David Bennewith

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PublisherDavid Bennewith2016
bRAZIL: motivated by a tag seen on the wall of an Amsterdam fondue cafE toilet in 2010. Designed in collaboration with Bram van den Berg. This work is licensed under an SIL Open Font License (OFL). For details see here http://scripts.sil.org/OFL For a free printed type specimen, send a self addressed, return envelope to: Colophon, Willemsstraat 32, 1015 JD Amsterdam, The Netherlands.
Cover art
PublisherDavid Bennewith2016
In the early 1950s the US NAVY and Air Force commissioned MIT Lincoln Laboratory (Massachusetts Institute of Technology, Lexington) to begin Research & Development for what was to eventually become ‘SAGE’ (Semi Automatic Ground Environment) — a computer network designed for strategic, early warning air defence — in retort to a new technology-enabled reality of long range attack from the sky [and weapons of mass destruction], and new forms of Super Power paranoia that would lead to the Cold War. The SAGE network — capable of real-time mass data processing — worked with large computers, networking equipment and radar sites ...
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A typeface digitisation and digital font production work, based on one style of the NEN3225: Netherlands Letter and Number Model. Originally published in 1963 by the Dutch Standards Institution [NEN] as a collection of models for lettering in and on buildings, public signs, tombstones, etc., the typeface itself was designed by Dutch typographer and graphic designer Jan van Krimpen (1892-1958). This digtisation is connected to a graphic identity designed by David Bennewith and Sandra Kassenaar, ᵃᴹˢᵀᴱᴿᴰᴬᴹ for the exhibition ‘hET oNTWERP vAN hET sOCIALE, 100 jaar eigenzinning samenleven in nederland’ at Het Nieuwe Instituut, ʳᴼᵀᵀᴱᴿᴰᴬᴹ. In the late spring of 2021, ...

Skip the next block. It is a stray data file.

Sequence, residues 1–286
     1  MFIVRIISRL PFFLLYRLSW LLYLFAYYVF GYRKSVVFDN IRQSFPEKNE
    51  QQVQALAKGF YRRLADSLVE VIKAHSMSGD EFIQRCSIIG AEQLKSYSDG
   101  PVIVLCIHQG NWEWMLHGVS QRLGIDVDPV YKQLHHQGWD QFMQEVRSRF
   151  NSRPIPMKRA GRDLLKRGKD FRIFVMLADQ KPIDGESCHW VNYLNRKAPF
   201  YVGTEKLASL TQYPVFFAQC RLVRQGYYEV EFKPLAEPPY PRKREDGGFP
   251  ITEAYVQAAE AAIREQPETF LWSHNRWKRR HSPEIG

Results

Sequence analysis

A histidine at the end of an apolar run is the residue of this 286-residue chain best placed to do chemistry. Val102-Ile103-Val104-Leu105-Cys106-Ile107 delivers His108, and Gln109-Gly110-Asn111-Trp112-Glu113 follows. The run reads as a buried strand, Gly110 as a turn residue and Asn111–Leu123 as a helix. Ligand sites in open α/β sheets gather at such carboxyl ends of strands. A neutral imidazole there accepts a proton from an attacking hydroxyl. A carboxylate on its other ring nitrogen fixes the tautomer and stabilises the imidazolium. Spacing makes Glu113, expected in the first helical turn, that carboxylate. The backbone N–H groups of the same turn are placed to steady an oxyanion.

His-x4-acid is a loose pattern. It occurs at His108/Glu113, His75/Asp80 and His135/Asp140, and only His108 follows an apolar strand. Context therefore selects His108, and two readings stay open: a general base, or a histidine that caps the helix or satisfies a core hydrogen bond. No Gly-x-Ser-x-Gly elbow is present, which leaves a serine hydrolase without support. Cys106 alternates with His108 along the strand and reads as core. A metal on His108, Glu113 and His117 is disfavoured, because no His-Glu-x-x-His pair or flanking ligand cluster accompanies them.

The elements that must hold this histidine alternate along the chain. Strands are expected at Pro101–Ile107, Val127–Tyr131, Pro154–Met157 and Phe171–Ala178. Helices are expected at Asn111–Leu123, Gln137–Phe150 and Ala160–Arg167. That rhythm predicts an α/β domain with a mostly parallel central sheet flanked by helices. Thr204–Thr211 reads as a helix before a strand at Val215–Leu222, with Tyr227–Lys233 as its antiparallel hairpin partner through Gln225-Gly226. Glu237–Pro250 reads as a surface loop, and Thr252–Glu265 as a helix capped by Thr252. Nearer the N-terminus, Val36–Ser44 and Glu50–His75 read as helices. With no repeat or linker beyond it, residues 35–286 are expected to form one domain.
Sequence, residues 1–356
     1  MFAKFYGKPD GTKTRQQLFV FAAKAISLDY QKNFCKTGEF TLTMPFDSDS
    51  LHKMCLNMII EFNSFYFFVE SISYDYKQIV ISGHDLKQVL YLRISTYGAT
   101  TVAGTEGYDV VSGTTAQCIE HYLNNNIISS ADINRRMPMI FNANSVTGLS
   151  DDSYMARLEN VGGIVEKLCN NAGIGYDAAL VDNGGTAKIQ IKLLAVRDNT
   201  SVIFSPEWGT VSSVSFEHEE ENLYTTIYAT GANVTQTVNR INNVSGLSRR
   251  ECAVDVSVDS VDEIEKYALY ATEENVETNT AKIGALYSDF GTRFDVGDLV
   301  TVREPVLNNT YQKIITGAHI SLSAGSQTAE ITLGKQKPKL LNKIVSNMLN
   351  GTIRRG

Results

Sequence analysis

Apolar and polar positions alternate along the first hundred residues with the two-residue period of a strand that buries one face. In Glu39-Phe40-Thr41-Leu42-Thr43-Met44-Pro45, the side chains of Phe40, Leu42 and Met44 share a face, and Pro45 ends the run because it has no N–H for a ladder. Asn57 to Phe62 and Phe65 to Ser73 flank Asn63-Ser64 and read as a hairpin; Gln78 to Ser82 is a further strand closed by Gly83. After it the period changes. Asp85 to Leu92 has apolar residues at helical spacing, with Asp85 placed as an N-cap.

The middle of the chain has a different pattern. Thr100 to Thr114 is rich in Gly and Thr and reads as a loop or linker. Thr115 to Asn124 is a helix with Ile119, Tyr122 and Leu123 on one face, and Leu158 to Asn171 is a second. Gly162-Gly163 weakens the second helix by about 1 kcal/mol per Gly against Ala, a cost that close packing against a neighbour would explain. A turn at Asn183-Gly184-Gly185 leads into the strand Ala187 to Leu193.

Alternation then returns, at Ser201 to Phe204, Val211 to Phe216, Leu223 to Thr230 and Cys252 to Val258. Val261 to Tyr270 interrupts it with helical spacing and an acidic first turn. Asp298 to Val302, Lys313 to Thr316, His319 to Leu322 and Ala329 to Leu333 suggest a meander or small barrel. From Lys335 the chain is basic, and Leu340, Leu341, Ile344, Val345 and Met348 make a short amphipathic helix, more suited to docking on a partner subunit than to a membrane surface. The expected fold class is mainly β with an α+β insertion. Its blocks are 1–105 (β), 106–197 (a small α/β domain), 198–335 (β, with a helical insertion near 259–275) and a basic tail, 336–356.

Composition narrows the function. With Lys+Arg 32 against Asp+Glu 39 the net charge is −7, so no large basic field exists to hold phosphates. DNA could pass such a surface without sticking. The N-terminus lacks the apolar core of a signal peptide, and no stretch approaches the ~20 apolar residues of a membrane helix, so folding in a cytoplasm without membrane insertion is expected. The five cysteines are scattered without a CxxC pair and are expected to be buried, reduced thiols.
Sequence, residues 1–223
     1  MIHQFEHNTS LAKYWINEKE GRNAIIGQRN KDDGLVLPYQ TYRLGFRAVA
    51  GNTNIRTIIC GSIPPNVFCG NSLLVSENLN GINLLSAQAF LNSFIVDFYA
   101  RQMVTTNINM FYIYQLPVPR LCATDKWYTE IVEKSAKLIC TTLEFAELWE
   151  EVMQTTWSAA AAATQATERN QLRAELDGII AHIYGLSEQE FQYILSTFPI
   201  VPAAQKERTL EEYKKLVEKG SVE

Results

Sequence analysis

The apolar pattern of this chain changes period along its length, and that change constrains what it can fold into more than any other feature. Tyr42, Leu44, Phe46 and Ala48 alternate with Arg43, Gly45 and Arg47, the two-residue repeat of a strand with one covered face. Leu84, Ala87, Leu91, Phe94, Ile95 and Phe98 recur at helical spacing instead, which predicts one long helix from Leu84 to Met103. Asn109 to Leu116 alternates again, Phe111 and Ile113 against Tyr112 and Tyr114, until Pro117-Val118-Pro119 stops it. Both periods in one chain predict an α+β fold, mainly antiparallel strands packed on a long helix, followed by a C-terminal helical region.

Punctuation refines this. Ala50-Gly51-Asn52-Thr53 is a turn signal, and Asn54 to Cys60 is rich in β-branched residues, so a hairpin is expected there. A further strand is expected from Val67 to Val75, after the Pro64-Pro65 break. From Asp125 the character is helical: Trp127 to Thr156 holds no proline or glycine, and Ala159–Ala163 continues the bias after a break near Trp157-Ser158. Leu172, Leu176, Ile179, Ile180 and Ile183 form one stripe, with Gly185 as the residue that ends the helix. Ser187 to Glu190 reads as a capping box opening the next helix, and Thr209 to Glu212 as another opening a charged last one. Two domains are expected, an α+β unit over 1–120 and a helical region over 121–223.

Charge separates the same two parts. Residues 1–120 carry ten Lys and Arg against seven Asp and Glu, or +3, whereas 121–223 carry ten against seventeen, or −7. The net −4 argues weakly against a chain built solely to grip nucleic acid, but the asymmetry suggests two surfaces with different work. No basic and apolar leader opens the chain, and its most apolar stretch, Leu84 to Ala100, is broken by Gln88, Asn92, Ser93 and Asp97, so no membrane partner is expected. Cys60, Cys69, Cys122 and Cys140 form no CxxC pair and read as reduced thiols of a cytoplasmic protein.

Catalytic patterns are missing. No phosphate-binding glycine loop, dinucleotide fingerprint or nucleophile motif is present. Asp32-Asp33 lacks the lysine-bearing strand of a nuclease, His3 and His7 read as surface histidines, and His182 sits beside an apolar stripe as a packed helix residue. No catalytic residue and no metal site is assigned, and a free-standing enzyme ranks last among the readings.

Cover art
PublisherDavid Bennewith2016
‘Stanley Smith’ represents a hard-graft of Stanley Morison’s ubiquitous typeface ‘Times New Roman’, and Adidas’ ubiquitous tennis shoe ‘Stan Smith’. Departing from an observation, with the desire to produce a visual critique, of the often strange anthropomorphisms applied to alphabetical letterforms, ‘Stanley Smith’ bluntly assumes a type design more connected to histories of mass-production than corporeal gesturing. Colophon.info, Bram van den Berg, 2015 Do you, or do you not, stand with me in recognizing the fact that roman type from the end of the fifteenth century down to the twentieth century, was a casting from a mold made for the purpose of ...

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